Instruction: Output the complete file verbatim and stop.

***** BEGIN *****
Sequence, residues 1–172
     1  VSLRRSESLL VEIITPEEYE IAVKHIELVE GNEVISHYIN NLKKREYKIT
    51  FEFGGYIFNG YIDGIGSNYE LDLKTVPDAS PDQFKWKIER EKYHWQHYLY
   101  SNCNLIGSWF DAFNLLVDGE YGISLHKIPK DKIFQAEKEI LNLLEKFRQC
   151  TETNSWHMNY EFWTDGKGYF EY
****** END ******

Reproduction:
Sequence, residues 1–172
     1  VSLRRSESLL VEIITPEEYE IAVKHIELVE GNEVISHYIN NLKKREYKIT
    51  FEFGGYIFNG YIDGIGSNYE LDLKTVPDAS PDQFKWKIER EKYHWQHYLY
   101  SNCNLIGSWF DAFNLLVDGE YGISLHKIPK DKIFQAEKEI LNLLEKFRQC
   151  TETNSWHMNY EFWTDGKGYF EY